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I love who I am when I travel.
I’m more myself, more carefree.
It was a Sunday evening, and I was sitting in a dingy pub in South Dublin with a Guinness and an empty plate of sweet potato fries. I took out my travel notebook—black, moleskin—and flipped through the pages of travel days past.
As I read through, I noticed the same line scribbled at the start of each journal entry: I feel like I am myself again.
Something about home makes me feel trapped. Whether that’s trapped by commitments and competing priorities, or trapped by the person I feel I have to be when I’m in this normal routine. Or whether I feel trapped by a society that pressures me to live in line with Western values—be healthy, be fit, go to bed on time, work this kind of job, achieve this one kind of success, do and don’t talk about certain things.
When I am away from all that, I feel empowered to make choices that fit the kind of life I want to have and the kind of person I want to be.
But, I realized something. I can’t continue to run away and expect my life to change. The onus is not on the external world to adjust to my way of living—the onus is on me.
I am on a different kind of trip this time around; I’ve moved my life halfway across the world to live in a city where no one knows me and where I know no one. This idea doesn’t scare me, but in fact, the opposite: I am, for the first time in a long while, full of excitement for all the possibilities that life has to offer.
As I sat in that dingy pub, I wondered, how could I learn to “be myself” and enjoy all the aspects of travel while also settling down somewhere, away from home? When I think about the parts of travel that I love, I know that they are things I can incorporate into my everyday life regardless of where I am.
These are the things I want to embody, each and every day—no matter where I am:
Say yes to opportunities that arise (even if you have work the next day). Back home, I often turned down possible plans and dates because I was worried I’d be tired the next day, or because I needed to save money. Sure, these things are important to think about (we’ll burn out if we go out every night and we don’t want to spend what we don’t have), but we need to learn how to enjoy our lives too.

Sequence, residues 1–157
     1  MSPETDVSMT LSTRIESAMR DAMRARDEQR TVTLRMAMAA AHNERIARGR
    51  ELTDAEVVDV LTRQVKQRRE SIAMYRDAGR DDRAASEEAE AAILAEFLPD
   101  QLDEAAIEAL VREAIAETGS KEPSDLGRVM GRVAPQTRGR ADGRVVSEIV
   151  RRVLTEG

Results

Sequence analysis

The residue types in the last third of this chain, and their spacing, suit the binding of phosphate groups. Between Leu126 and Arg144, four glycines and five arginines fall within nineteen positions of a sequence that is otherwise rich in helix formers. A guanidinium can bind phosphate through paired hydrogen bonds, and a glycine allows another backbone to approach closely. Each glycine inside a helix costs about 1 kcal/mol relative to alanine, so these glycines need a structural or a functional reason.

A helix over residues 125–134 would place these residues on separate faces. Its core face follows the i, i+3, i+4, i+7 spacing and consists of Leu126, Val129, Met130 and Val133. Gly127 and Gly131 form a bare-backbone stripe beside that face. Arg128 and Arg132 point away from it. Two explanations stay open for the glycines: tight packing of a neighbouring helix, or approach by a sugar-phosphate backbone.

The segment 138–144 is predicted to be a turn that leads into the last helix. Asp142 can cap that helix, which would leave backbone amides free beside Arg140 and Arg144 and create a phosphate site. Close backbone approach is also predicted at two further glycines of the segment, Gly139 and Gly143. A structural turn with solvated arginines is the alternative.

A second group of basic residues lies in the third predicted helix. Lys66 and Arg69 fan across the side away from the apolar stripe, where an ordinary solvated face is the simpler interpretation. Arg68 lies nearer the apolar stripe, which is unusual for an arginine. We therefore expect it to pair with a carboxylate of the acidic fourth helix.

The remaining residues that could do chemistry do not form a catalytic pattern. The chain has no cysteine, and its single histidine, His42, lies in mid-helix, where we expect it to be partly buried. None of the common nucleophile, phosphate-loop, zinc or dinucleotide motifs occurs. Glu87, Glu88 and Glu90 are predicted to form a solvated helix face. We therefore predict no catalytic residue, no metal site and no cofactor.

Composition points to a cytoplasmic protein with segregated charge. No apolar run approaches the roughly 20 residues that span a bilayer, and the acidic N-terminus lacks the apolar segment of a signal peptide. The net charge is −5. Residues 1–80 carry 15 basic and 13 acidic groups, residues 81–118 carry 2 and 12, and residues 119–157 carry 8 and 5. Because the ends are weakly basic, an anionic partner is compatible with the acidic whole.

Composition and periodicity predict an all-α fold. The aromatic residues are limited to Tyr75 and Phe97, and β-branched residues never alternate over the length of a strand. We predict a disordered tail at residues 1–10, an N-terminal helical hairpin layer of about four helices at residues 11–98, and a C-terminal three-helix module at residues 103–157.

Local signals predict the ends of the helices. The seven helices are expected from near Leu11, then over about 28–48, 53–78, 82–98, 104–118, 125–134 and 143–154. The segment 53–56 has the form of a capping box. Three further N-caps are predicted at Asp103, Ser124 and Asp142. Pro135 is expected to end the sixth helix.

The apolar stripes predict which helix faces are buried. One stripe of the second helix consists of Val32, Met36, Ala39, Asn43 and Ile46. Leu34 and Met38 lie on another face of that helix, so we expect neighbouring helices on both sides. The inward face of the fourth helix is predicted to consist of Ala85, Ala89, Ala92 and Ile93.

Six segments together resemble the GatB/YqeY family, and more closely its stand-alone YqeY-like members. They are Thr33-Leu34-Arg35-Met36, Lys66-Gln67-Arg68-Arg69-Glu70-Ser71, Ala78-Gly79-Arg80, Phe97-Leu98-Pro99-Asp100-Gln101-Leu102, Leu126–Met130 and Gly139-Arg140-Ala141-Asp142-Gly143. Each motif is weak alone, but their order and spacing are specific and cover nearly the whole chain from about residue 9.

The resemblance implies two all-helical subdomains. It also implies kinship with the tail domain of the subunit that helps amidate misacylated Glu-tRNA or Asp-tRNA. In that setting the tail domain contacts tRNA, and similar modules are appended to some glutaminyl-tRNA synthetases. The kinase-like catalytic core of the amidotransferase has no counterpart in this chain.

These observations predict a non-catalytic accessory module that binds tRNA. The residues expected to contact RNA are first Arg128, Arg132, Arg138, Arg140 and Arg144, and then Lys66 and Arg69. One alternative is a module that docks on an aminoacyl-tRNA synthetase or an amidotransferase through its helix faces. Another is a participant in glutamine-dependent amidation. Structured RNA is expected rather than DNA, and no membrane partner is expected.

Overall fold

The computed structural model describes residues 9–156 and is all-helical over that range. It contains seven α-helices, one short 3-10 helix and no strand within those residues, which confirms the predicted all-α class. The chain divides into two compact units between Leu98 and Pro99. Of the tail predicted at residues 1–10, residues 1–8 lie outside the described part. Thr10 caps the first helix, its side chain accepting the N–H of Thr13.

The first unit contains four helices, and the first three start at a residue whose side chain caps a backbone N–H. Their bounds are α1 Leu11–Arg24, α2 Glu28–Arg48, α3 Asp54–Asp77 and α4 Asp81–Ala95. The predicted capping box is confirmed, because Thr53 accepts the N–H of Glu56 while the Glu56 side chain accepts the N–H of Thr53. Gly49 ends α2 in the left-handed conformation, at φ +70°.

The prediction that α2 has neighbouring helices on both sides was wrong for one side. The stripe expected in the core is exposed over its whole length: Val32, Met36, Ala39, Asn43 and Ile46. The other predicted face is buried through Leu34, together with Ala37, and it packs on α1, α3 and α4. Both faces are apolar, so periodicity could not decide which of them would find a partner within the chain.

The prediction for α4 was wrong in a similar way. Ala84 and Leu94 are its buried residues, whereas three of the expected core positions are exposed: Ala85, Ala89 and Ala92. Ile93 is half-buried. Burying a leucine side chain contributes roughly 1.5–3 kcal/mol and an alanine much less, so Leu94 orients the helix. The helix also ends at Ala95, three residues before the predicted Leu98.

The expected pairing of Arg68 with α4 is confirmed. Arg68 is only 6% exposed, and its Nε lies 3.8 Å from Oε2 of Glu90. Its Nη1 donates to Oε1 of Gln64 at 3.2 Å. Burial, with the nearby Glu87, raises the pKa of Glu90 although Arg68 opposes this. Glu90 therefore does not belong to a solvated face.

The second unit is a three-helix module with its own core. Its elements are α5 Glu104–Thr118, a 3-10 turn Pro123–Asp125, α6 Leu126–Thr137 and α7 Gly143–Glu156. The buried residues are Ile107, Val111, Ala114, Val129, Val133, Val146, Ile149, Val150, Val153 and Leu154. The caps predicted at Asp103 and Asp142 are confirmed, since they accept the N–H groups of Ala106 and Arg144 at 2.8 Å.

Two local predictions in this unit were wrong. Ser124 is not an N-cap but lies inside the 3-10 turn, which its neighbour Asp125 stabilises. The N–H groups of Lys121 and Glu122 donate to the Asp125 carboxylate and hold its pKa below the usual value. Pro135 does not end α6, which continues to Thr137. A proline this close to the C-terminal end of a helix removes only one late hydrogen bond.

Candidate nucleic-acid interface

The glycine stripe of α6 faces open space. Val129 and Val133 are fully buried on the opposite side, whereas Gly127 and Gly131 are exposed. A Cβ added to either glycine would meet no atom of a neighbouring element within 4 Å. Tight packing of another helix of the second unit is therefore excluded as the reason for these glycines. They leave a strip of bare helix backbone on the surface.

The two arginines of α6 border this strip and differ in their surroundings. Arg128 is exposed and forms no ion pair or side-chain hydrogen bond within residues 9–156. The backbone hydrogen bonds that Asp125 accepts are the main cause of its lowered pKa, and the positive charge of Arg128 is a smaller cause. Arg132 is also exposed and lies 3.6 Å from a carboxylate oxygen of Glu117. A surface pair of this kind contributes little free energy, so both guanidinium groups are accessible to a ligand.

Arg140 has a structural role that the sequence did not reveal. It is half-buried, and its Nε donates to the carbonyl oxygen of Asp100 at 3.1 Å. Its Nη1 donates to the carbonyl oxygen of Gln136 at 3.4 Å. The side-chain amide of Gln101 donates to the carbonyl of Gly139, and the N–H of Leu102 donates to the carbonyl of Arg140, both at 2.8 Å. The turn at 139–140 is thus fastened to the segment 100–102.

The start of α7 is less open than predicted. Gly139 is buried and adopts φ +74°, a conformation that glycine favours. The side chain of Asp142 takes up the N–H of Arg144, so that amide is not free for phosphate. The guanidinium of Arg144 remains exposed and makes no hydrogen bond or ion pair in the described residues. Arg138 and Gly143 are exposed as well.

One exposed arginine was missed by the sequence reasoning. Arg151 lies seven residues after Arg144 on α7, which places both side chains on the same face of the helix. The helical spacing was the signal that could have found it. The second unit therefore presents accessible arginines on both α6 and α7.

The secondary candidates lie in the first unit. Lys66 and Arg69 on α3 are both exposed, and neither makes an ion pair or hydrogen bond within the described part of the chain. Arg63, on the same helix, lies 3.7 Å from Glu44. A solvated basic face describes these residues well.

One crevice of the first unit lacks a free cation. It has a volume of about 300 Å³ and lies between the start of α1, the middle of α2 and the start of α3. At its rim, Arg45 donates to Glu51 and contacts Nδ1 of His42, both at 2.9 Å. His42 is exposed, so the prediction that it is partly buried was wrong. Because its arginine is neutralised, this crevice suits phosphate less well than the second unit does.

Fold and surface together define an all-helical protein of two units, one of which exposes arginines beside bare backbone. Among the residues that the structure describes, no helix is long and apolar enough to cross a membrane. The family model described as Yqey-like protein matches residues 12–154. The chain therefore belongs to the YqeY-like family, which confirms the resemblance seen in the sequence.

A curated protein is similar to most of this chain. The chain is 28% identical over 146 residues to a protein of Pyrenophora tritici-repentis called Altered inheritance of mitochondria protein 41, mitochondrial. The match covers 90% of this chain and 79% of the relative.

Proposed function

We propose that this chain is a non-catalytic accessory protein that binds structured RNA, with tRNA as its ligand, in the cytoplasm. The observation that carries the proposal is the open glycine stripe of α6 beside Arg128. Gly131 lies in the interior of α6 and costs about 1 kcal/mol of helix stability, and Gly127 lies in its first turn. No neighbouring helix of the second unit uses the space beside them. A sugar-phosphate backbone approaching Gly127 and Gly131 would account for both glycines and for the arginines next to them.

See the world through childlike eyes.
When we travel, we are experiencing the world as if we’re seeing it for the first time. We look at basic things with this wonder that brings so much more fullness and joy to our lives. When we’re at home and stuck in routine, we forget to look for the beauty in the little things. I want to walk through my days as if I was always a tourist—reminding myself of the things that made me want to live here in the first place.
Do things alone.
As a solo traveler, aloneness doesn’t scare me. I go to pubs alone, I eat out alone, I go to events alone, museums, art galleries. When I was at home, I often held myself back if I didn’t have anyone to do things with. If my friends were busy, I would sometimes pout and feel sorry for myself, This sucks, everyone is busy and I have nothing to do this weekend. Stop feeling sorry for yourself! Go out and live the life you want, with or without a companion. I want to date myself, and fall in love with my life all over again.
I like who I am away from home. I like who I am when I’m in a new city, soaking in all it has to offer and remembering that—yes, life has its stresses, but life is also meant to be lived.
I know when we’re travelling, there’s a certain amount of freedom that we just don’t have when we’re at home—friends who depend on us, families, rent or mortgages to pay, jobs to go to—but I do believe that if we could all incorporate the traveller’s mindset even just a little bit, we’d all be a whole lot happier.
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